Abstract: A critical element of OSHA's comprehensive enforcement strategy under the Occupational Safety and Health act is assurance that employers have abated hazards cited during inspections. Currently, unless an employer voluntarily complies with OSHA's request to submit documentation, OSHA has no proof of hazard abatement without conducting a followup inspection. From 1972 to the present, OSHA has implemented several administrative measures to induce employers to provide abatement documentation, but some 30 percent of cited employers still do not voluntarily do so. OSHA's internal audits, the Department of Labor's Inspector General, and the General Accounting Office have pointed out this deficiency. The regulation OSHA now proposes will require cited employers to provide hazard abatement documentation. The NPRM will address the kinds of evidence to be required, what notice to employees is needed, potential penalties for non-reporting, possible certification forms for compliance, and other questions. OSHA estimates that the economic impact of this regulation on employer products and product prices will be insignificant.

Timetable:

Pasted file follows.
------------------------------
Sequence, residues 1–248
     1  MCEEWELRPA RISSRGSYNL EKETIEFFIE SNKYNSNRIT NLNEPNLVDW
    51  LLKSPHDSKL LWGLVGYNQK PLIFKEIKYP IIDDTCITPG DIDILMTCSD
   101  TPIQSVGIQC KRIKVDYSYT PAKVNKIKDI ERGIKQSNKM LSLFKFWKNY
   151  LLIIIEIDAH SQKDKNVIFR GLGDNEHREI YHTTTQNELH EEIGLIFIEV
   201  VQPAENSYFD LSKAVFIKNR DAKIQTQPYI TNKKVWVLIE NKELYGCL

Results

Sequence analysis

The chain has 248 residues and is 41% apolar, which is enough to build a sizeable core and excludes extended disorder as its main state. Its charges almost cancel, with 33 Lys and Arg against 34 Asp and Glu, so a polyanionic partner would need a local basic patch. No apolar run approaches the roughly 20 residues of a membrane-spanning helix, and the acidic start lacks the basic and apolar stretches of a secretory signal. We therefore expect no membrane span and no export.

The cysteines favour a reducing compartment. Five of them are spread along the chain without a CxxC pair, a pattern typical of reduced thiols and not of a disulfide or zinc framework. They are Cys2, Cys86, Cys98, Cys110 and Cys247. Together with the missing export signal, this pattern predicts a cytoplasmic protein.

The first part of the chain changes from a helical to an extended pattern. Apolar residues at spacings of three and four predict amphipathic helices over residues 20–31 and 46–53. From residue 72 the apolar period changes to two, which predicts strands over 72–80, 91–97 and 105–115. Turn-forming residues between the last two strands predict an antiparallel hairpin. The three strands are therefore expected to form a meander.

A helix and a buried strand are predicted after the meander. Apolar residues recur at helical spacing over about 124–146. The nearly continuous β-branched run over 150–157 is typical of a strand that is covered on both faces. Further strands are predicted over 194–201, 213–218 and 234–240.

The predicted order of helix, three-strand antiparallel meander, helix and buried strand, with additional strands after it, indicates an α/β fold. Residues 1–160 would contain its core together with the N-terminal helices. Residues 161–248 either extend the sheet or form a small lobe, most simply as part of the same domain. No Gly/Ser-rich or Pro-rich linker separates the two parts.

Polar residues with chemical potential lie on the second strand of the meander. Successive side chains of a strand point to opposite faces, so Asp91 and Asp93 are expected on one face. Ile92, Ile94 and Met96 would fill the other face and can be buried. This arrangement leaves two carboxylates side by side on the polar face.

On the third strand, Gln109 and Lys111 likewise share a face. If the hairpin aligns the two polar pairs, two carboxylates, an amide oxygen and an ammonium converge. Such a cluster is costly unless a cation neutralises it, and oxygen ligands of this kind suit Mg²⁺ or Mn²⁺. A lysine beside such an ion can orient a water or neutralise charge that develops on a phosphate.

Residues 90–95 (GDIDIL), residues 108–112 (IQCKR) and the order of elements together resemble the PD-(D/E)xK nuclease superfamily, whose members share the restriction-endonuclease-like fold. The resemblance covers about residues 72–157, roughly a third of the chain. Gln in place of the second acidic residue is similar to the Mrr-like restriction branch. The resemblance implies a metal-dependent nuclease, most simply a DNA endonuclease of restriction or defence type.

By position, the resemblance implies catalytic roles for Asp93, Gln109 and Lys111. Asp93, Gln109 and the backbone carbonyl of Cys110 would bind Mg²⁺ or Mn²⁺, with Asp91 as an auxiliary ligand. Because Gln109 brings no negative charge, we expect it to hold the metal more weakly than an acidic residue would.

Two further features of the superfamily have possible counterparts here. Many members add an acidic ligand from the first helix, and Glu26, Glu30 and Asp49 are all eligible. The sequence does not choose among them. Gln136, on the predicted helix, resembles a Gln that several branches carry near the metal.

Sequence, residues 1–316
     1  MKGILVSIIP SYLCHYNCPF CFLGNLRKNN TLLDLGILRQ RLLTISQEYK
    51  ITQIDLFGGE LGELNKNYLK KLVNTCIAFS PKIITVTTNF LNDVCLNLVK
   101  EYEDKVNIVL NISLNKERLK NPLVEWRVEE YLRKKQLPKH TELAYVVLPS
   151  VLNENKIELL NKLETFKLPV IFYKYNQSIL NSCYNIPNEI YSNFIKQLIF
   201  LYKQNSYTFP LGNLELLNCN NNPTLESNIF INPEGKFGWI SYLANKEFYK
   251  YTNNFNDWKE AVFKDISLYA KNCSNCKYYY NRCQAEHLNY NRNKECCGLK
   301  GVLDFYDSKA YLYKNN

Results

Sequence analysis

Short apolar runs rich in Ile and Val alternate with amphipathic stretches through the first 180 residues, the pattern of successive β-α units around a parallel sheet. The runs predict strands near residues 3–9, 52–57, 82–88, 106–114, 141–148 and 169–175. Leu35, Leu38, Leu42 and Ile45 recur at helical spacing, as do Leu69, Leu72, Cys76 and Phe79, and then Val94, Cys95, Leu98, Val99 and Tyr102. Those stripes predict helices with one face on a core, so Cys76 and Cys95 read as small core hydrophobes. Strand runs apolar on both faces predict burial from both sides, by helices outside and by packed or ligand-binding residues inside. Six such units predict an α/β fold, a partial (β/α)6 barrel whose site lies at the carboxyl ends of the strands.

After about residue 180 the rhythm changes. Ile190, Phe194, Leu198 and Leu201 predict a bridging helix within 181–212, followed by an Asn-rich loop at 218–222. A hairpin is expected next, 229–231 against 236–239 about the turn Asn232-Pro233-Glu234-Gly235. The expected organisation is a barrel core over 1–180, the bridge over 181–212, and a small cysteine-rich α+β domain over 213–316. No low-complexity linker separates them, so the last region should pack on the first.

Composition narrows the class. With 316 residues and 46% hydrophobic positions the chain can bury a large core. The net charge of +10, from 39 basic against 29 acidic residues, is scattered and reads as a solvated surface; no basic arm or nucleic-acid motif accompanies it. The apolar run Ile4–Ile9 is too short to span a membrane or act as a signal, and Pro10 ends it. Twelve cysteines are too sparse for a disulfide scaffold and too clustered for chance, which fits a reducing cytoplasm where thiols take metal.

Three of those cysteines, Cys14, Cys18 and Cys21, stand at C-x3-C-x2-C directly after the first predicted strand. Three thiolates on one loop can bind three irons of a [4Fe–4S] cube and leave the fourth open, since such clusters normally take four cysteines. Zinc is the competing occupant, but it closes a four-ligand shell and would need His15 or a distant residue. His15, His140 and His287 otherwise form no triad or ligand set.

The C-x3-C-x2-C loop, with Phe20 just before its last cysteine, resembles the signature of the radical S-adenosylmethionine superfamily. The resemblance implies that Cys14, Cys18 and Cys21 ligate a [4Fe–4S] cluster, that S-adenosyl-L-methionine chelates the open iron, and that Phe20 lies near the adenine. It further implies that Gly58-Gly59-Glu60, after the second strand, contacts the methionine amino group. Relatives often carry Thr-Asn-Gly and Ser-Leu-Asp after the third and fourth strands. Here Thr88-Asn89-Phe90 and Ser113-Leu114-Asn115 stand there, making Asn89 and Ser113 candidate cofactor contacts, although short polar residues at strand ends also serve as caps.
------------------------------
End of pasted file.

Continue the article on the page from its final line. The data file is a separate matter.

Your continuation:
Action Date FR Cite
NPRM 04/00/94

Small Entities Affected: Undetermined

Government Levels Affected: State

Sectors Affected: All

Analysis: Regulatory Flexibility Analysis

Agency Contact: Raymond E. Donnelly, Director, General Industry Compliance Assistance, Department of Labor, Occupational Safety and Health Administration, 200 Constitution Avenue NW., Room N3119, FP Building, Washington, DC 20210, 202 219-8041

RIN: 1218-AB40


2259. COMPREHENSIVE OCCUPATIONAL SAFETY AND HEALTH PROGRAMS

Significance: Subject to OMB review: Undetermined Economically significant: Undetermined Regulatory Plan entry: Undetermined

Legal Authority: 29 USC 655

CFR Citation: 29 CFR 1910; 29 CFR 1915; 29 CFR 1917; 29 CFR 1918; 29 CFR 1926; 29 CFR 1928

Legal Deadline: None